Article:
Hearing loss is the third most common chronic health condition older adults experience in the U.S. Additionally, millions of children and young adults also navigate some degree of impaired hearing. According to the Centers for Disease Control and Prevention (CDC):
- 14.9% of children and young adults (ages 6 to 19) have some degree of hearing loss
- An estimated 16% of the population has hearing loss (around 52 million people)
These statistics further highlight the prevalence and scope of hearing loss which can significantly impact one’s daily life depending on the specific type, cause, and degree of impairment. There are two main types of hearing loss: sensorineural and conductive. Conductive hearing loss is less common and often temporary, impacting 10% of people with impaired hearing.
There are a variety of factors that contribute to the development of hearing loss including: existing medical conditions, genetic history, aging, and environmental exposure to loud noise. These factors can damage different parts of the auditory system which is the process of how we hear and consists of the:
- Outer Ear: is the most visible part of the ear (cartilage), the ear canal, and eardrum which separates the outer ear from the middle ear.
- Middle Ear: includes the ossicles, three tiny bones that are connected and the Eustachian tube.
- Inner ear: is composed of the cochlea which is filled with hair cells and fluid, in addition to nerve pathways that lead to the brain.
The outer ear absorbs sound from the environment which travels down the ear canal and lands on the eardrum. The vibration of the eardrum and ossicles push the sound waves further into the inner ear which activates the cochlea. The movement of the hair cells and fluid in the cochlea help convert the sound waves into electrical signals that the nerve pathways then send to the brain. This allows the brain to process and make meaning of the sound we hear. Damage to any of these critical components disrupts this system and causes hearing loss.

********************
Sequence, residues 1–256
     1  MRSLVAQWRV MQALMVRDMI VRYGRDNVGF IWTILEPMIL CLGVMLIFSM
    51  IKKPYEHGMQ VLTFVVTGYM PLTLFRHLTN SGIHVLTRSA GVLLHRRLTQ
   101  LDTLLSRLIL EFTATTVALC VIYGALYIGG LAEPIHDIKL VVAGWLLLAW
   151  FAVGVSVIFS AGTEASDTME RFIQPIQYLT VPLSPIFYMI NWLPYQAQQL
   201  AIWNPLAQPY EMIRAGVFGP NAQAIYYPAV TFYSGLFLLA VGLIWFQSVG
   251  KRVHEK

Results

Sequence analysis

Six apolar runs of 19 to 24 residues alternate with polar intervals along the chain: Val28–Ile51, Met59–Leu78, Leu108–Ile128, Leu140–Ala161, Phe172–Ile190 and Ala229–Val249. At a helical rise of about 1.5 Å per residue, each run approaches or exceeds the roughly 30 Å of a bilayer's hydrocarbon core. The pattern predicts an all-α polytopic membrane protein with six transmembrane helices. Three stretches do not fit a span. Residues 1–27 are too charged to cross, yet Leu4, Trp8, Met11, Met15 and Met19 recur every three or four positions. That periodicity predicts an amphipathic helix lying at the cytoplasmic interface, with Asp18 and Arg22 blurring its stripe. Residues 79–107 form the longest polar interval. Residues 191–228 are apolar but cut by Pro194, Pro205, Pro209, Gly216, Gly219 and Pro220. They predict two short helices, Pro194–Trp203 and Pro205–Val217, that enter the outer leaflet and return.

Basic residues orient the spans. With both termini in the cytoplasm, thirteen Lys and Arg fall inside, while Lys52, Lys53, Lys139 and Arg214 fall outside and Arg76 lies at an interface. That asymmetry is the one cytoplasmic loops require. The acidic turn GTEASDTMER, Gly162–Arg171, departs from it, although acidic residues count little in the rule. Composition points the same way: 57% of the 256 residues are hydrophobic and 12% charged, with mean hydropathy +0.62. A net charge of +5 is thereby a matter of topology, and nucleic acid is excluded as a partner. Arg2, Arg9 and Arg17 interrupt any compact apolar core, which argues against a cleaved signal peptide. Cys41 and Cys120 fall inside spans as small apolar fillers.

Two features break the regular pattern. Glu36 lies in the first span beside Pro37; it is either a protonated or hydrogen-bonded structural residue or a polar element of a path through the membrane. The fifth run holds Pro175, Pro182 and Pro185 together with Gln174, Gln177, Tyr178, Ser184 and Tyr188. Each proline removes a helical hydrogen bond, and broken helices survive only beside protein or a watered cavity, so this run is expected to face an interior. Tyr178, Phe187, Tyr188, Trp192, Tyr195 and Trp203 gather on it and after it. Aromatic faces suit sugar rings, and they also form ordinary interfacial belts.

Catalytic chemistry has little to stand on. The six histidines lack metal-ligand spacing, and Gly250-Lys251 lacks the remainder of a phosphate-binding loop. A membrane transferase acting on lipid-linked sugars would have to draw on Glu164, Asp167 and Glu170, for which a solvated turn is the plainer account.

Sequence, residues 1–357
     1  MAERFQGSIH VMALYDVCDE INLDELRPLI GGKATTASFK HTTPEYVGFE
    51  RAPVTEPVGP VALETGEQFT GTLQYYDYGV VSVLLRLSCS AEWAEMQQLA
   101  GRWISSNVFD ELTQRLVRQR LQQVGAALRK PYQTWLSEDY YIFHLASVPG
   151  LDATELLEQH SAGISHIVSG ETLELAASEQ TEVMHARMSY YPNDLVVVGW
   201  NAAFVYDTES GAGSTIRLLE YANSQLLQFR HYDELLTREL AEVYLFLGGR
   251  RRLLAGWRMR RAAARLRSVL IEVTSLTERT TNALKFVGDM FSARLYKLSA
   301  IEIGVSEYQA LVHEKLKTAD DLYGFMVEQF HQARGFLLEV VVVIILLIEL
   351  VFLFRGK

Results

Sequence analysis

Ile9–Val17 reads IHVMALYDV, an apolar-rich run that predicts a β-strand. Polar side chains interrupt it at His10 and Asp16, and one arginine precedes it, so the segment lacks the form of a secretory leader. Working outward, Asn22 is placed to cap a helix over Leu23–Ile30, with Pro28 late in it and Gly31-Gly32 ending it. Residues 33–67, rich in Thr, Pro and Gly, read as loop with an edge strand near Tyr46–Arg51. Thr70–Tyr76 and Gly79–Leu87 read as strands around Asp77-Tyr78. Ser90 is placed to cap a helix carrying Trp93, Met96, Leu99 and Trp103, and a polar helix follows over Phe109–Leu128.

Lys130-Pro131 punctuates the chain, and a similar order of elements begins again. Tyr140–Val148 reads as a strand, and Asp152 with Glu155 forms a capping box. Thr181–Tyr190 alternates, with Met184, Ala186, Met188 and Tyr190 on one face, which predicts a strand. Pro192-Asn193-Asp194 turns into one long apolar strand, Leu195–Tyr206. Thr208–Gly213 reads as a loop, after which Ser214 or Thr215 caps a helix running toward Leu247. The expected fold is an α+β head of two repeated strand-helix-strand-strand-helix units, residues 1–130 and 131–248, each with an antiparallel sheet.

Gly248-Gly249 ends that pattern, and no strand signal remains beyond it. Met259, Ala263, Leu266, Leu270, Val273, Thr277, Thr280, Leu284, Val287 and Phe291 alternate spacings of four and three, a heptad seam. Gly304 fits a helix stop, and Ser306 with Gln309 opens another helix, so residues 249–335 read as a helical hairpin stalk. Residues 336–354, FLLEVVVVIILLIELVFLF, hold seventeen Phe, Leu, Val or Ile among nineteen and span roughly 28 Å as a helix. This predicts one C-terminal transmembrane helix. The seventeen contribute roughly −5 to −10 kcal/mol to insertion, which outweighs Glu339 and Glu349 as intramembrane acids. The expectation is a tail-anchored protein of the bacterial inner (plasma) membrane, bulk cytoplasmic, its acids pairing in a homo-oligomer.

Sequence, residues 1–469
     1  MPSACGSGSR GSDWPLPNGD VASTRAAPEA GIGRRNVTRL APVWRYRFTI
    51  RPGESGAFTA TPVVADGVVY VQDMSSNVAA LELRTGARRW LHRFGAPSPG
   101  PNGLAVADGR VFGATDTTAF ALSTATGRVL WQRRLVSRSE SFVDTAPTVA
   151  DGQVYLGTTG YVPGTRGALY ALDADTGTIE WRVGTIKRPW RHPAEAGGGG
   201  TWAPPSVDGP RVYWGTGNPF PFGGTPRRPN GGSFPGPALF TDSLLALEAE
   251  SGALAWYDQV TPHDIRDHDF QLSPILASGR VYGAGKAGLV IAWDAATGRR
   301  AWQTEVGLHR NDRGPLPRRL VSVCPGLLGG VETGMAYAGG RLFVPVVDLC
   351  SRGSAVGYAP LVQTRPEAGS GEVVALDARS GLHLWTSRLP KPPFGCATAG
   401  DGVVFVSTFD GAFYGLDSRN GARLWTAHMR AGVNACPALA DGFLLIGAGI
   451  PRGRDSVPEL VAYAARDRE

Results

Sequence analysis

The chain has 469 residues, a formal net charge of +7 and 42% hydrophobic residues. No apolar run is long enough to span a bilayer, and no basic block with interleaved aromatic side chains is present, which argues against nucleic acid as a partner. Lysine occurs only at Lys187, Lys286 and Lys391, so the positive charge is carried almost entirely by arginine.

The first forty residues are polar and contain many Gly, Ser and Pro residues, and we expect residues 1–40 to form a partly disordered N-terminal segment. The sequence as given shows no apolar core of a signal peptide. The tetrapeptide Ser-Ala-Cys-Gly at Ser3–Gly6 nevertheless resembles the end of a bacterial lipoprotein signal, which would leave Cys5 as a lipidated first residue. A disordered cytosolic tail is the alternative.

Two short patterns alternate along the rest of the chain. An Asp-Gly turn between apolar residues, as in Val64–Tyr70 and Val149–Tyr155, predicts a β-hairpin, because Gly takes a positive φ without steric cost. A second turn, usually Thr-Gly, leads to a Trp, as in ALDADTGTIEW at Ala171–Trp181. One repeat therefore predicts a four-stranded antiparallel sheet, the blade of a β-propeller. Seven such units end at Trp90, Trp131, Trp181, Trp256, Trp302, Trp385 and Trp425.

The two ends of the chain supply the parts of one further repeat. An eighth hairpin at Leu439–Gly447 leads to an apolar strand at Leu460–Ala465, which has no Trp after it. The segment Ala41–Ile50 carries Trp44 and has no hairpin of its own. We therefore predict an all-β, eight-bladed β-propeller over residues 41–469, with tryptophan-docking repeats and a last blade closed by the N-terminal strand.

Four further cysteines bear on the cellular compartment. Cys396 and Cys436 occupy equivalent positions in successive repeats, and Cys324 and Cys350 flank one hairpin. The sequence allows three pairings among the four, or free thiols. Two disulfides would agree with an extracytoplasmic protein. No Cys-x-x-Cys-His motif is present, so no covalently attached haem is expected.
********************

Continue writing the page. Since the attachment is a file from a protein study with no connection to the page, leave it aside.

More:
When the inner ear is impacted, this results in sensorineural hearing loss which accounts for 90% of all hearing loss. Damage to the middle and/or inner ear causes conductive hearing loss. Conductive hearing loss can be caused by the following:
- Buildup of earwax
- Ear infections
- Abnormal bone growths and tumors
- Injury or damage from foreign objects in the ear
- Narrowing of the ear canal
- Excess fluid caused by allergies or colds
The impact to the outer and/or middle ear prevents sound from traveling down the ear canal and being amplified by the eardrum and ossicles; restricting the soundwaves from reaching the inner ear. This makes it difficult to hear sounds that are at a normal or quiet volume level. Symptoms of conductive hearing loss include:
- Increasing the volume on electronic devices
- Difficulty hearing quiet sounds and speech
- Pressure or pain in one or both ears
- Distorted perception of voice (your own voice can seem different)
Unlike sensorineural hearing loss which is permanent, conductive hearing loss may be temporary depending on the cause.
There are several ways to effectively treat hearing loss and, in some cases, conductive hearing loss can be cured by medical treatments and surgical options that can restore hearing. For example: excess fluid, wax buildup, tumors, injury caused by foreign objects, and abnormal bone growths can be addressed and healed by surgical procedures and antibiotics. These causes of conductive hearing loss often result in temporary hearing loss that can be cured. However, other causes of this type of hearing loss (narrowing of the ear canal, certain types of bone protrusions) are more complex and cannot be corrected through surgery. This results in permanent hearing loss which is most commonly treated by hearing aids. Hearing aids are small electronic devices that are designed to absorb, amplify, and process sound. They can be highly customized to meet specific hearing needs, drastically improving one’s ability to hear.
Treatment begins by getting your hearing evaluated. If you have experienced any of the symptoms described or have noticed changes with your hearing, schedule an appointment with us today!